Influence of Pre-Rigor Processing, Mechanical Tenderization, Tumbling Method and Processing Time on the Quality and Yield of Ham

Authors

  • ROBERT R. MOTYCKA,

    1. Author Bechtel is affiliated with the Dept. of Animal Science, Meat Science Lab., 1503 S. Maryland Drive, Univ. of Illinois, Urbana, IL 61801. Author Motycka, formerly with the Univ. of Illinois, is now with Westland Foods Corp., 532 E. River, Dixon, IL 61021.
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  • PETER J. BECHTEL

    1. Author Bechtel is affiliated with the Dept. of Animal Science, Meat Science Lab., 1503 S. Maryland Drive, Univ. of Illinois, Urbana, IL 61801. Author Motycka, formerly with the Univ. of Illinois, is now with Westland Foods Corp., 532 E. River, Dixon, IL 61021.
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ABSTRACT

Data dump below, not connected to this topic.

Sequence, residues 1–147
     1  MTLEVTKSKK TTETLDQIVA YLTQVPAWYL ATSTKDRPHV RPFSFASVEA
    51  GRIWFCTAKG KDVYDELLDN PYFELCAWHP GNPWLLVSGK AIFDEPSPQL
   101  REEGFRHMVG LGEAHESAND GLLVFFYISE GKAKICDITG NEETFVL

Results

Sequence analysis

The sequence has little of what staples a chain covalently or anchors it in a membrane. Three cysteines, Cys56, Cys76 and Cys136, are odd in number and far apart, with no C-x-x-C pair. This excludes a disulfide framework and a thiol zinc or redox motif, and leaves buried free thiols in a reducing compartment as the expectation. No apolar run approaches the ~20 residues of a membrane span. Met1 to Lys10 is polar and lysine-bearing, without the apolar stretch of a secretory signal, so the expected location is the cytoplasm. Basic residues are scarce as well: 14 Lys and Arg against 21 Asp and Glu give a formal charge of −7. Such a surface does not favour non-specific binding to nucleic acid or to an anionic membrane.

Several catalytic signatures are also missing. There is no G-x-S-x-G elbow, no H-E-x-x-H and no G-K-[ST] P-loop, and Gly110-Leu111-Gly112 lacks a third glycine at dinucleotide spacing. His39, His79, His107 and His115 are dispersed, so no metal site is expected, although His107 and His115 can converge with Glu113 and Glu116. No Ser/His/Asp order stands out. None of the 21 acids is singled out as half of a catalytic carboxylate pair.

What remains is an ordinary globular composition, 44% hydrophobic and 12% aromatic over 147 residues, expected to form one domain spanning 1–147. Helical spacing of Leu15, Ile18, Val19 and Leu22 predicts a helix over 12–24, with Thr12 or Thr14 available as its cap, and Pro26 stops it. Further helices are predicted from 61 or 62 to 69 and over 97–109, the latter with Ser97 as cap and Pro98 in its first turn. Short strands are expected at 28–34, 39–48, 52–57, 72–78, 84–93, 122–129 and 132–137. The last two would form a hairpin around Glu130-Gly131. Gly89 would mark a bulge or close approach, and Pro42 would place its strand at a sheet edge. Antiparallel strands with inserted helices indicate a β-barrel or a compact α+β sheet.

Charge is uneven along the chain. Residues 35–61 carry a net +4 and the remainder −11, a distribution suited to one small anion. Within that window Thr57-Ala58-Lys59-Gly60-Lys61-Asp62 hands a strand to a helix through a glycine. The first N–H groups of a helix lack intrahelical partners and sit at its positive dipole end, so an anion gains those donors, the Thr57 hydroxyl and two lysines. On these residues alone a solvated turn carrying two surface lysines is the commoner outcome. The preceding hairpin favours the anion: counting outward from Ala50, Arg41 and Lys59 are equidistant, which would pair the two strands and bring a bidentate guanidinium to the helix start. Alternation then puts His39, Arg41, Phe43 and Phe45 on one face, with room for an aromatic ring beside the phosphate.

Eight market weight hogs with similar genetic and management background were conventionally slaughtered with the resulting sixteen pork carcass sides randomly assigned to treatments. Four treatments at 2 levels each (24 factorial design) included muscle condition [pre-rigor (hot) or post-rigor (chilled)], mechanical knife blade tenderization [no tenderization or tenderization], vacuum tumbling [continuous or intermittent], and the processing delay time between vacuum tumbling and further processing [no delay time or 20-hr delay]. Results indicated that pre-rigor processed meat tissue exhibited higher pH, water-holding capacity (WHC), and cooked yield characteristics. Mechanical knife blade tenderization consistently increased protein content of the uncooked meat exudate, cooked yield, and palatability characteristics. Tumbling method and processing time had little influence on either uncooked or cooked meat characteristics.

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